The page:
Corneal Transplant Surgery
A corneal transplant is a surgery that replaces the cornea — the clear window of tissue covering the front of the eye (aka “the windshield” of the eye).
The cornea’s purpose is to refract or bend light rays as they enter the eye and allow them to focus on the retina, or the back of the eye. In cases where the cornea has become clouded as a result of disease, swelling, scarring, infection, or traumatic injury, and cannot be healed or repaired, a full corneal transplant is sometimes necessary to restore functional vision.
The new cornea is sourced from a donor and then transplanted onto the affected eye.
Who’s A Good Candidate for a Corneal Transplant?
Those who have a deeply scarred or swollen cornea that cannot be corrected with non-surgical methods and treatments are possible corneal transplant candidates. Your Dean McGee Eye Institute (DMEI) ophthalmologist will examine your cornea to determine if a corneal transplant (including what type of transplant) is the best course of action.
During a corneal transplant, the surgeon will carefully remove the central corneal tissue and replace it with a precisely shaped replica of donor tissue to create the new cornea. This tissue is known as a graft.
All corneal transplant surgeries are done in the operating room with anesthesia. Your eye surgeon may choose between general anesthesia or an injection of medication to numb the eye. Once the procedure is finished, your eye will be covered with a patch and you will be monitored to ensure the anesthesia wears off properly and then allowed to go home.
Are There Any Risks With Corneal Transplant Surgery?
As with any surgery, there are risks associated with corneal transplant surgery. With corneal transplant surgery in particular, one of the most significant risks is tissue rejection. This is when the patient’s immune system identifies the donated tissue as foreign and begins attacking it. Rejection occurs in approximately 10% of cases. To reduce the risk of rejection, your physician will likely prescribe steroid eye drops and other medications that need to be taken very carefully as per instruction of the eye surgeon. It is also crucial that patients who receive corneal transplants attend all post-operative visits. The risk of rejection decreases with time, although it never completely goes away. Successful patients are those who attend all post-operative visits and take their eye medications as instructed by the corneal surgeon.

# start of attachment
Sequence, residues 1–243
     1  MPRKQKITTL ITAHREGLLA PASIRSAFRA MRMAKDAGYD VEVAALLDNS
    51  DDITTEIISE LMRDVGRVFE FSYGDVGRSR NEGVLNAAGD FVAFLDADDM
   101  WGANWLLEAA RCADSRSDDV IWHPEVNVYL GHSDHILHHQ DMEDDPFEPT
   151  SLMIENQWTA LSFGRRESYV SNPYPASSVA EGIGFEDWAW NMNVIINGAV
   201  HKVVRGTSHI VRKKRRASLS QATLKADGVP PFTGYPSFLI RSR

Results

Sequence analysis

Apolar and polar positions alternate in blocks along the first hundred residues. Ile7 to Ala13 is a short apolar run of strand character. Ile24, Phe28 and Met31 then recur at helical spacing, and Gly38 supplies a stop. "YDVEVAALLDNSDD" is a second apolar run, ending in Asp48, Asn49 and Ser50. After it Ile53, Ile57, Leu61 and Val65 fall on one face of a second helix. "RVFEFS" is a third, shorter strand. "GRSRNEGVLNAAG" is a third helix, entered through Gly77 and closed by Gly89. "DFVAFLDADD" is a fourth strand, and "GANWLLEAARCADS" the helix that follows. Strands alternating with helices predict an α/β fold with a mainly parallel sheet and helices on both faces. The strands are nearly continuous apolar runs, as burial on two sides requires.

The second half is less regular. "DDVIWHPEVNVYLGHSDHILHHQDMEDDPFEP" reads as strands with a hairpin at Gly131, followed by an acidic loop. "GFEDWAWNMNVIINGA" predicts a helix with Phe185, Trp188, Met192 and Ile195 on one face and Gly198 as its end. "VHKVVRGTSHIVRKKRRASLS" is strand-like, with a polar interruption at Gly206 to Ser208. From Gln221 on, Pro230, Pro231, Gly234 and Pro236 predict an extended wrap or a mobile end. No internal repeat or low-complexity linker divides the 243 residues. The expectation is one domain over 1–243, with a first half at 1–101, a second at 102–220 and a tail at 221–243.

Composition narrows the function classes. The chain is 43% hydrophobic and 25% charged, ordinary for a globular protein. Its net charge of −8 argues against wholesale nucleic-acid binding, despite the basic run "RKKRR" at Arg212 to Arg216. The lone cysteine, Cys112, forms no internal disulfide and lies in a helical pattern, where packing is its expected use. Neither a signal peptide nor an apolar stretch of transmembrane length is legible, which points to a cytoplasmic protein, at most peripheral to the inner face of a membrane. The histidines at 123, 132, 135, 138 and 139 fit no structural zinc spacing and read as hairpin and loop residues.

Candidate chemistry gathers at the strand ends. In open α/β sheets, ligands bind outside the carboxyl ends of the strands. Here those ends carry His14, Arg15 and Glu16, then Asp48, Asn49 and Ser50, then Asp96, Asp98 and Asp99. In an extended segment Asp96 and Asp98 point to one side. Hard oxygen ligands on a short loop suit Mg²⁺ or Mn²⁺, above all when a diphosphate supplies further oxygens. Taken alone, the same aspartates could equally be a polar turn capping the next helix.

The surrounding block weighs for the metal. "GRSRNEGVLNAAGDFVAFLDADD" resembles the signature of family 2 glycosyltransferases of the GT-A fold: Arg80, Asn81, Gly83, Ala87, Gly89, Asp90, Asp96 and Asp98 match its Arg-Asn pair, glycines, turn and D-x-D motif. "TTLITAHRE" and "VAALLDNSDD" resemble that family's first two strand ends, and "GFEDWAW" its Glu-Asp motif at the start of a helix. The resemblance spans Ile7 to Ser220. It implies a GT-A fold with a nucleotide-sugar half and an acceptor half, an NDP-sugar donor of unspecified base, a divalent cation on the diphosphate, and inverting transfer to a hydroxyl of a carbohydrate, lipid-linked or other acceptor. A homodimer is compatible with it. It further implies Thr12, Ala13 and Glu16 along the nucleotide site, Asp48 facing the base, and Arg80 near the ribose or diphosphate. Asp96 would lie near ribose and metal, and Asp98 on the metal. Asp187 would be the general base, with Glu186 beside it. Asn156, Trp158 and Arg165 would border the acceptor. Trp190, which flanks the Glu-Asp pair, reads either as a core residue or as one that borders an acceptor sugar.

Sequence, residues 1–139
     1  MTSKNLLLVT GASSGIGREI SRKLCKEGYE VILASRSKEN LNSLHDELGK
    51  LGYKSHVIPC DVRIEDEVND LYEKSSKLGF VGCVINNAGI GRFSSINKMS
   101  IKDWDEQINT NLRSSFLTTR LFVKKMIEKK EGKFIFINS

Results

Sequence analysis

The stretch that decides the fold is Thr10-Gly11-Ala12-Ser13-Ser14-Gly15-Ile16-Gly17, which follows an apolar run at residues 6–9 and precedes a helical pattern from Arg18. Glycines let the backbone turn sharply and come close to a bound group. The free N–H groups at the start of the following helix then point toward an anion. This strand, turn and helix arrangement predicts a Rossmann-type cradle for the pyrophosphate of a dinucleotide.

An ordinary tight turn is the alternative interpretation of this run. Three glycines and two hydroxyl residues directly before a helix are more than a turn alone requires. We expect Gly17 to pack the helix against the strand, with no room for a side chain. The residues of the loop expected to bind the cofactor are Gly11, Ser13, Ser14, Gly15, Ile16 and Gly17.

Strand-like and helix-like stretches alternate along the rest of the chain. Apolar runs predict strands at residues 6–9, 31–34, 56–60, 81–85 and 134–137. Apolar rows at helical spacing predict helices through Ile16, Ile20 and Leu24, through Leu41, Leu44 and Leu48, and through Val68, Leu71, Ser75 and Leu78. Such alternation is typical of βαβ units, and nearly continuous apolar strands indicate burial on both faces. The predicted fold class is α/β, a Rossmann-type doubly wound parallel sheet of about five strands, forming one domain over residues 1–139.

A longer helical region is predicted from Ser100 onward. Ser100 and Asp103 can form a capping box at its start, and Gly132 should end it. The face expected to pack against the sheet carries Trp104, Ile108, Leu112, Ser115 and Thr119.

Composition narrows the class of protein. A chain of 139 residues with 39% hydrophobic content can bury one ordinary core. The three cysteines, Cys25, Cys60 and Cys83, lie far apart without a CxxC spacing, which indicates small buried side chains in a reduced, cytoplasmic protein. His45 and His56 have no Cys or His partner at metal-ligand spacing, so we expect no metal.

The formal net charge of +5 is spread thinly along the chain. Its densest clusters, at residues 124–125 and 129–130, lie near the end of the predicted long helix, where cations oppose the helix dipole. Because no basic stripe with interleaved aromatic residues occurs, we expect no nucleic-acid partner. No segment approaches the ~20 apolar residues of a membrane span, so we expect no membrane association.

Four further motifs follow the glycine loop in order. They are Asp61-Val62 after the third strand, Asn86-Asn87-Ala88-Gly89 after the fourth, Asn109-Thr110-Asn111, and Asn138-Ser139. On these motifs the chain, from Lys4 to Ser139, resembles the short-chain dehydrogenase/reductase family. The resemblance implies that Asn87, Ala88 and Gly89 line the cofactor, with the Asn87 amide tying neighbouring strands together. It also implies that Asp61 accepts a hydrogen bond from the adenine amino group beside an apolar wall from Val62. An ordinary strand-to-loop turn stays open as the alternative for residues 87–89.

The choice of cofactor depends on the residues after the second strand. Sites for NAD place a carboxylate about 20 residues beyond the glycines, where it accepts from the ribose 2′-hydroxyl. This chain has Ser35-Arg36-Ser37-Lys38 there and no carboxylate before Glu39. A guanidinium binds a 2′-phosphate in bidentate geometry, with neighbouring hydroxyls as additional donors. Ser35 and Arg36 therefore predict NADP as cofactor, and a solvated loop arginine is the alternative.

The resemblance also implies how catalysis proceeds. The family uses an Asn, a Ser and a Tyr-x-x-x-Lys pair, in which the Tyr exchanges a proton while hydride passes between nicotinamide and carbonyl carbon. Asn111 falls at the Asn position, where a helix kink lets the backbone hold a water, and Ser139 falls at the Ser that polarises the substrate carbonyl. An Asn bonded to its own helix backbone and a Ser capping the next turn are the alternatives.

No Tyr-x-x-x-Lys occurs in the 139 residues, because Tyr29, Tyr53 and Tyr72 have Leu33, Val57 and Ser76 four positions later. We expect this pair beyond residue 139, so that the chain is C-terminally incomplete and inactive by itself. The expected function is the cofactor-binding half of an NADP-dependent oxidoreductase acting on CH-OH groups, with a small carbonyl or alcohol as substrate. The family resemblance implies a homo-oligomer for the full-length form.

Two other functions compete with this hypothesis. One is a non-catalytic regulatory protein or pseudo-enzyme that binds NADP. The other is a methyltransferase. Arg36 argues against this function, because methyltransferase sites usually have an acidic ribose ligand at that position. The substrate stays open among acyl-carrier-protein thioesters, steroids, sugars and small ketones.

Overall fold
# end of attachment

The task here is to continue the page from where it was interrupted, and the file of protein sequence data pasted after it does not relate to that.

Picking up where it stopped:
Other complications from corneal transplant surgery could include:
- Detached Retina
Your surgeon will discuss these risks in more detail with you, and together you can decide if a corneal transplant is right for you.
Preparing for a Corneal Transplant
Your DMEI ophthalmologist will talk with you about your upcoming corneal transplant and discuss what you can expect during and after the procedure. You will also discuss any medications you’ve been taking, and whether or not you must cease them prior to the surgery. A visit with your primary care doctor may be recommended to ensure you are healthy enough for the transplant.
You will not be able to drive after the surgery, so you will need to make arrangements for transportation afterwards.
In most cases, vision returns very gradually following the procedure. During the healing process, which can vary from one patient to the next, the surgeon will continually monitor the surface of the eye.
Over a period of time, the surgeon may need to remove sutures. After most or all of the sutures have been removed, most patients will still need some type of vision correction (glasses or contact lenses). Every patient is different; depending on the type of corneal transplant surgery, patients may recover vision at different rates. Your corneal surgeon will provide more details as to the expectations of vision recovery during your visits.
- Use any eye drops as prescribed.
- Avoid touching or pressing on your eyes. You may wear eyeglasses or an eye shield to protect them.
- If necessary, you may take over-the-counter pain medicine, but check with your doctor first.
- No bending or heavy lifting (anything heavier than a gallon of milk) until instructed by your corneal surgeon.
- Attend all postoperative visits.